So what the lower court now has to do is decide whether the Texas affirmative action plan is narrowly tailored to meet a compelling government interest. That is the definition of strict scrutiny. Bottom line here, Ashleigh, affirmative action remains the law of the land. However, there is more to be decided down the road.

BANFIELD: And, look, I think it's important for people to understand, this is a public university and this is essentially public policy. But a lot of things seem to flow out of that, as well. If you look at Title VI, a lot of those decisions affect private universities, as well.

So are the private universities watching closely to see if all of a sudden things will change in their banks, as well?

JOHNS: I think everybody is watching this. And I can tell you that public universities certainly were all preparing to try to pivot and deal with whatever decision might have come out of the court. Important also to say what the University of Texas program is at issue. They take the top 10 percent of all classes of all high schools in the state of Texas.

And after that, anybody else who gets admitted from Texas has to go through a formula where race is one of many factors used to determine whether you get in. So all of this has to be looked at again and we'll be hearing more on this, Ashleigh.

BANFIELD: OK, Joe Johns with another busy day at the Supreme Court.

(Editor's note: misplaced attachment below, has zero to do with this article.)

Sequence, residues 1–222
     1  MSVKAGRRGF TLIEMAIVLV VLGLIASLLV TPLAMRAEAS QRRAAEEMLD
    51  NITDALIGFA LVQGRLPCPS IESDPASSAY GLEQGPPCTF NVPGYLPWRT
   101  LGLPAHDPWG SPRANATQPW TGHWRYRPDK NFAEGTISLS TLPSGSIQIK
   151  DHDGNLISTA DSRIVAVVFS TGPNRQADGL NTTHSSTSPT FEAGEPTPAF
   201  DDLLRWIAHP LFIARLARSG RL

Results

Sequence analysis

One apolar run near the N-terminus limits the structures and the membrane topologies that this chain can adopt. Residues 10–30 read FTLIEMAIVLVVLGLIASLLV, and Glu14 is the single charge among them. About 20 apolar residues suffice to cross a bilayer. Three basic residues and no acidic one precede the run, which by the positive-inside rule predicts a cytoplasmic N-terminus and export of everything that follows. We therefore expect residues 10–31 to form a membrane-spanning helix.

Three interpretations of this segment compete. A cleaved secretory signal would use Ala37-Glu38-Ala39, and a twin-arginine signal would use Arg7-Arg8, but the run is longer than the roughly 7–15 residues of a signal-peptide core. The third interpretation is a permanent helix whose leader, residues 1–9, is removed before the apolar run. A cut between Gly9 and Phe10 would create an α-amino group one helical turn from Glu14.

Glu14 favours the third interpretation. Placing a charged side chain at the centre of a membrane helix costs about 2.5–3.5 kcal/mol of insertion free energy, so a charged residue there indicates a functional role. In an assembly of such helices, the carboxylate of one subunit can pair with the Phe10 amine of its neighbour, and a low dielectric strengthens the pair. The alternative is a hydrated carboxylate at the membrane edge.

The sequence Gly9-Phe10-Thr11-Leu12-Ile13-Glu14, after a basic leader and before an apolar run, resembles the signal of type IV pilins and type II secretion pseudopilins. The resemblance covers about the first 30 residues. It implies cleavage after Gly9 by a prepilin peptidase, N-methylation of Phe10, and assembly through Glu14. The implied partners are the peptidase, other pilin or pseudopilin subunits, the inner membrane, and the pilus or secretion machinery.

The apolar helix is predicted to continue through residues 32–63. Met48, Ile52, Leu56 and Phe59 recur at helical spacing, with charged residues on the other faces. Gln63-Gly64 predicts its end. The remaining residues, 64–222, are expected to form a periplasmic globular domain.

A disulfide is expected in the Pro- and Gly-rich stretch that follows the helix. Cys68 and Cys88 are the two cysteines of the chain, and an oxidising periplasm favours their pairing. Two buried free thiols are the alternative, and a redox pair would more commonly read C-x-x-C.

And by the way, busy, even though WE haven't heard yet from same-sex marriage decisions, two of them, also voting rights and the court has just decided to add another day because we're running out of days in June. And we've been waiting on these decisions all month long. So stay tuned to that.

And also the president of the NAACP, Ben Jealous, is going to join us in about 30 minutes from now to discuss a little bit more about what this decision or indecision, depending on how you look at it, what this means for affirmative action around the country. Meantime, I've got to move onto this. The government is really mad. Think you could say fit to be tied this morning.

President Obama and all those who have something to do with this man not the least bit pleased because Edward Snowden, the leaker of the secret U.S. surveillance programs, has really sort of put his thumb in the eye of this country, as have the countries who have been refusing Washington's request to hand him back over here, those countries being China and Hong Kong and Russia and Ecuador. Not one of them willing to help the United States get its guy back.